MoneyFinancial FitnessMake It Last


Extra funding going to help students outside the classroom during pandemic

Posted at 2:30 PM, Jun 02, 2020
and last updated 2020-06-03 19:59:11-04

TEMPE, AZ — More funding is heading to help students and their families in the East Valley, even if they are not in the classroom right now.

The Tempe City Council voted last week to extend support to seven high school and middle schools in the Tempe Union High School District with the CARE 7 team to help with their physical and emotional health during the coronavirus pandemic.

"It was just swift. It was immediate - the impact on the students... the impact on the teachers," described Kristen Scharlau. "I mean, one day the schools just closed down."

For some kids and teens, closing the classroom doors shuts them off from any sense of security.

"Here we are with students who... home is not their safe place, Scharlau said. "School is their safe place and now they can't go there."

Scharlau is a Human Services Manager in the city and oversees the CARE 7 program.

CARE 7 offers a variety of mental health care and community resources. They also work inside schools in partnership with the Tempe Union High School District.

"One of the most innovative things that we do here is this hybrid program with the schools," Scharlau said. "It really allows the schools to be schools and us to be that resource in the community."

Youth Specialists are assigned to work at high schools and middle schools in the city and talk with students about how they are feeling, along with what is going on at home.

"If your family is suffering because they have housing insecurity, let us hook you up with some rental assistance or food or whatever the case may be," Scharlau said.

They are also trying to look for signs of Adverse Childhood Experiences and let teachers know how to spot them too.

"Doing a lot of education to faculty and administration about those 'problem kids' who those 'bad behaviors'... really changing their perception of why kids act that way," Scharlau said.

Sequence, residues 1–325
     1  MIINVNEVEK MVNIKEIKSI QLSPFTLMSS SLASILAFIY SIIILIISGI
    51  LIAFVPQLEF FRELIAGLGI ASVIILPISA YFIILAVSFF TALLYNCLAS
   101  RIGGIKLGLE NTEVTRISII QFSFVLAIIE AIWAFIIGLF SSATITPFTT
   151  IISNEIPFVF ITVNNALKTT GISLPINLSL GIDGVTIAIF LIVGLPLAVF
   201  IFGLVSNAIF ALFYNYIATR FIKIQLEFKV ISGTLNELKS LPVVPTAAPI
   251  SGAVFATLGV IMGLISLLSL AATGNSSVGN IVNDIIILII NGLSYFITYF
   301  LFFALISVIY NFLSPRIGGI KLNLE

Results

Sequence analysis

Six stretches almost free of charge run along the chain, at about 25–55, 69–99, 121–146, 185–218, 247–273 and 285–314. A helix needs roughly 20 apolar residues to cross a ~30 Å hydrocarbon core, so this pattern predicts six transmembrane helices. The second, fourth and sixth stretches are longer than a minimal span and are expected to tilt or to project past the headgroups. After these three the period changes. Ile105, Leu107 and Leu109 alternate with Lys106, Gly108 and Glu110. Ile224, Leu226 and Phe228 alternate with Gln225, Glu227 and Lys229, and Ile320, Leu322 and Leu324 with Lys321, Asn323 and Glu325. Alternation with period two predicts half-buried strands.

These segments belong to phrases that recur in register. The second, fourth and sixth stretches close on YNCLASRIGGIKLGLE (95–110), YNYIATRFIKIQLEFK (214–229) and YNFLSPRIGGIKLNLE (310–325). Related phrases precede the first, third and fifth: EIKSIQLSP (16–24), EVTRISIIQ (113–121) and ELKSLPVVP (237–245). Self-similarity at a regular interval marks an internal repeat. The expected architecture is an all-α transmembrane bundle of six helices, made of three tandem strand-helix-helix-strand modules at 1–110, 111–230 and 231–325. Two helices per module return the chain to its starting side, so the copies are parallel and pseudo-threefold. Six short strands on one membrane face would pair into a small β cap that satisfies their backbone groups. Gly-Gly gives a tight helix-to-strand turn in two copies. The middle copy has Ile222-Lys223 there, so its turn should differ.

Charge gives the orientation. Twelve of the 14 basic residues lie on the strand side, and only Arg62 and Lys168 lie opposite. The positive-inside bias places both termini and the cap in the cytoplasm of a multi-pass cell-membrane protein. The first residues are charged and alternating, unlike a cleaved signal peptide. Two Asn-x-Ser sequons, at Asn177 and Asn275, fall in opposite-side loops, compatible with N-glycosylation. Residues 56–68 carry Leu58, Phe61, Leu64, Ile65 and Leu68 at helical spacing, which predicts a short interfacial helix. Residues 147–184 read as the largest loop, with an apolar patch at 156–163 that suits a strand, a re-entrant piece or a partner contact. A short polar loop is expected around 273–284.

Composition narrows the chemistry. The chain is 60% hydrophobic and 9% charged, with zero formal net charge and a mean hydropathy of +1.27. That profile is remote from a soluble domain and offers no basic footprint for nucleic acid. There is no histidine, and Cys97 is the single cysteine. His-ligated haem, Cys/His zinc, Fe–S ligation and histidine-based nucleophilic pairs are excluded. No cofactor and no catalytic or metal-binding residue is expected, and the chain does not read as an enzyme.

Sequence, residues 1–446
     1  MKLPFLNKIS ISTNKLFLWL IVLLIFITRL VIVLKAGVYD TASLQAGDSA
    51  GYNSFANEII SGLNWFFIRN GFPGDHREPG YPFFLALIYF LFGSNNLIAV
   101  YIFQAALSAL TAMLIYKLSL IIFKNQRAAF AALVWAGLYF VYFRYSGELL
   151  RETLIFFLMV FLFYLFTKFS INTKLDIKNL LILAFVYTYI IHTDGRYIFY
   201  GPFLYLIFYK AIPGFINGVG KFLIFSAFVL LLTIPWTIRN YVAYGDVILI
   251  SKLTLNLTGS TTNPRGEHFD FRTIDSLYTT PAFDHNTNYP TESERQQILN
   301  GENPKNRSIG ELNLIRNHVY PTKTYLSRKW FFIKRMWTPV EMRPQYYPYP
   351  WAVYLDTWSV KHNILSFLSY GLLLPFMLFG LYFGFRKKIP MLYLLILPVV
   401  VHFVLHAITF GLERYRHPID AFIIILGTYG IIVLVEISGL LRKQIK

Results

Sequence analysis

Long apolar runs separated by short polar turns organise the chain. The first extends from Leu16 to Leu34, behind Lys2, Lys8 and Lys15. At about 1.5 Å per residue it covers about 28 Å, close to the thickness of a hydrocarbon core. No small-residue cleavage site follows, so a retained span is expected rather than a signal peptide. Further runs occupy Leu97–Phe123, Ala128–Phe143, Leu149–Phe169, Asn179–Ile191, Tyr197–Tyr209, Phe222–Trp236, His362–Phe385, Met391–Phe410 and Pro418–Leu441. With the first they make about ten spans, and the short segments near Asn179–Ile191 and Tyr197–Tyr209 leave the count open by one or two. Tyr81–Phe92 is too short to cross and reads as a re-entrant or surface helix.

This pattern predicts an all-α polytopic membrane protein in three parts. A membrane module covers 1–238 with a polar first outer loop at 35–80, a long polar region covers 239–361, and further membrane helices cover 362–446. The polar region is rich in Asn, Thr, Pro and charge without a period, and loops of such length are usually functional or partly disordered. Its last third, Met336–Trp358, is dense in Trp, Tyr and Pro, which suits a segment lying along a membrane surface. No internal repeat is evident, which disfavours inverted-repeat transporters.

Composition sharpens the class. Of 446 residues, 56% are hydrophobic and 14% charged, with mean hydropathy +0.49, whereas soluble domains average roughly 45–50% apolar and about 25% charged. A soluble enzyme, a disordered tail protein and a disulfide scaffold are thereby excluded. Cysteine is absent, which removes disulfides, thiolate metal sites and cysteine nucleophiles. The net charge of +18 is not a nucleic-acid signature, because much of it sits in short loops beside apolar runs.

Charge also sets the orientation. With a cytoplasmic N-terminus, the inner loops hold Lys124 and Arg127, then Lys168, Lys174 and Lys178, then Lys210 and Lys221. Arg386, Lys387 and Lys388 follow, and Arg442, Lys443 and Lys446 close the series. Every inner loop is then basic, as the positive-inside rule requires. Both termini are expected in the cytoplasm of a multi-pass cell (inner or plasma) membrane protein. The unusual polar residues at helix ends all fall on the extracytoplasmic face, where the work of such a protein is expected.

The amended and extended contract allows for us over $60,000 to be used to keep CARE 7 operating until June 30, 2020

"The school district and the city really jumped in and said, 'Let's not leave these kids hanging," Scharlau said.

In council documents, the funds are made possible by the Tempe Union High School District and are matched by the city. 75% - 100% of this money could be eligible for FEMA and Arizona State Department of Health reimbursement.

The documents state, "the services will be focused on providing support and improving the social-emotional wellness and resiliency of students during the pandemic."

Those services are done virtually, through phone and video calls. Scharlau said, they will also come to the home, if needed, to drop-off supplies.

"Let's make sure that during the summer they have access to those social-emotional supports," Scharlau said. "Not to mention the other things that we implemented, which were home-delivery of food, hygiene, toilet paper."

There is a CARE 7 Youth Specialist assigned to specific high schools and middle schools within the district.

Here is their email address to connect with them for help:

High schools:
Desert Vista: Rang Ly at
Compadre: Sylvia Lopez at
Corona Del Sol: Eskesha Clark at
Marcos De Niza: Tristyn Rivas at
McClintock: Elizabeth Cling at
Mountain Pointe: Lorena Valle at
Tempe High: Mike Wilson at
Middle schools:
Kyrene Middle School: Jared Sidman at
Connolly Middle School: Michelle Perin-Callahan at
To learn more about CARE 7, click here: